Introduce a new abstraction:
Action represents something that can be done, and encompassed the time aspect as well as information about the state and state transitions of the action. So a reload action definition might contain information about total duration, relative timestamp of reload complete etc. A spear throw action definition contains information about total duration and timestamp of spear release.
Exactly how you wrap this up in code is up to you and depends on your framework/style.
Actions could be simple data objects which you just use to define different actions, and then you make use of the timestamps, durations and other information "manually" in the rest of your code. Or you could improve encapsulation by having your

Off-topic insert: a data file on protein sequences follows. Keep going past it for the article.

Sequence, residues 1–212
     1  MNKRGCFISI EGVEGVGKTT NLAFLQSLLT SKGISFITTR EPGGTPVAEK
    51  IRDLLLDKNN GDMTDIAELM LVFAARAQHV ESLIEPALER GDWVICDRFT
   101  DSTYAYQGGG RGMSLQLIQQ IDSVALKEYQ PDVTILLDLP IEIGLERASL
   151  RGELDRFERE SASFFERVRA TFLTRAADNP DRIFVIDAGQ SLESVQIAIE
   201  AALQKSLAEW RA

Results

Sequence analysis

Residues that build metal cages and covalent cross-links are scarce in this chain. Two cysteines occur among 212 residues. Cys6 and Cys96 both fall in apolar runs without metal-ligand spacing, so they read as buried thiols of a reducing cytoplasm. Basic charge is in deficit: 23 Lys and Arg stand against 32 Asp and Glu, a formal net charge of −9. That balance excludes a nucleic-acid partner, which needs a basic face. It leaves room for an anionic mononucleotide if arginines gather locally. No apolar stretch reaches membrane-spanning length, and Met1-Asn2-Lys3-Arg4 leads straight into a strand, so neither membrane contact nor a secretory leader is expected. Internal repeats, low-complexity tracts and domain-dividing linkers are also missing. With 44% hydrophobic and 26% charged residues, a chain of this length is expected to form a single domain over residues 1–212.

Action module expose events which trigger when the action changes state (OnReloadStarted,OnReloadReady,OnReloadFinished,OnSpearThrown). Or you could have a medium where there are no events, but the
Action still manages its states/transitions so that you can poll it:
If you have multiple reload animations or spear-throw animations with different timings, then you define each alternative as an action, e.g. FastThrowAction and SlowThrowAction. Once again it is up to you exactly how you manage and pick from different alternatives.
The point of all this is that the
Action abstraction becomes a natural part of the gameplay model when you focus on the concepts that affect gameplay (action transitions/events) and remove the concepts that don't (animation).
Action objects can then be used to drive the animation as well. Whenever a FastThrowAction is started, then your renderer/view starts the corresponding FastThrowAnimation.